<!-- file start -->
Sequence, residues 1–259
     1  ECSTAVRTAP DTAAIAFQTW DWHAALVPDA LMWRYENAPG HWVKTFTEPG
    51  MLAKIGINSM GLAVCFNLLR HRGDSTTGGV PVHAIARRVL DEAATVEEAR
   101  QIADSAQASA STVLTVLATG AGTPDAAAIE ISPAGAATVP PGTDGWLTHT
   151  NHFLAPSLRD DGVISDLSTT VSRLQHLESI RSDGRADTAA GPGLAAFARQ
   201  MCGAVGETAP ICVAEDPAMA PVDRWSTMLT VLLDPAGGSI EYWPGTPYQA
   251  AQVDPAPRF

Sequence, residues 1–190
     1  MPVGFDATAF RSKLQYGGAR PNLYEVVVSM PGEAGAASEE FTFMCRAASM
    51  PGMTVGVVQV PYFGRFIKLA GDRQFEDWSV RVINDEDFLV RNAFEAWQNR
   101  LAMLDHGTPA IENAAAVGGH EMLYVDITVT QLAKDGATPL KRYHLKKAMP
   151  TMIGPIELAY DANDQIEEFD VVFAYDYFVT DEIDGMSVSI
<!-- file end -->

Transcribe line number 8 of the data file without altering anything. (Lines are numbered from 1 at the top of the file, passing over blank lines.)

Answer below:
Sequence, residues 1–190